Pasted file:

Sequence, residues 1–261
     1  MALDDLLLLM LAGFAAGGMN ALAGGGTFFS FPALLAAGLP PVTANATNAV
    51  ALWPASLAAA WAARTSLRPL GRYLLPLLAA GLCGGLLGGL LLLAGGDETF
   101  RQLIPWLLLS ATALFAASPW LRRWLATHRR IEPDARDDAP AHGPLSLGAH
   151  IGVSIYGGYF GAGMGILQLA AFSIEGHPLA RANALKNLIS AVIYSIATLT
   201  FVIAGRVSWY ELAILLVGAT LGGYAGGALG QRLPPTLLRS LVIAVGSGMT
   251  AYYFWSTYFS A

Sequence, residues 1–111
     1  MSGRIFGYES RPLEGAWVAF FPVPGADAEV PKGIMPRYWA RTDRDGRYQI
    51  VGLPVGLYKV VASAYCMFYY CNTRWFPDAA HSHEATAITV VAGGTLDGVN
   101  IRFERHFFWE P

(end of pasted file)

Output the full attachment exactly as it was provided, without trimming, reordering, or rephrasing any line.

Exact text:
Sequence, residues 1–261
     1  MALDDLLLLM LAGFAAGGMN ALAGGGTFFS FPALLAAGLP PVTANATNAV
    51  ALWPASLAAA WAARTSLRPL GRYLLPLLAA GLCGGLLGGL LLLAGGDETF
   101  RQLIPWLLLS ATALFAASPW LRRWLATHRR IEPDARDDAP AHGPLSLGAH
   151  IGVSIYGGYF GAGMGILQLA AFSIEGHPLA RANALKNLIS AVIYSIATLT
   201  FVIAGRVSWY ELAILLVGAT LGGYAGGALG QRLPPTLLRS LVIAVGSGMT
   251  AYYFWSTYFS A

Sequence, residues 1–111
     1  MSGRIFGYES RPLEGAWVAF FPVPGADAEV PKGIMPRYWA RTDRDGRYQI
    51  VGLPVGLYKV VASAYCMFYY CNTRWFPDAA HSHEATAITV VAGGTLDGVN
   101  IRFERHFFWE P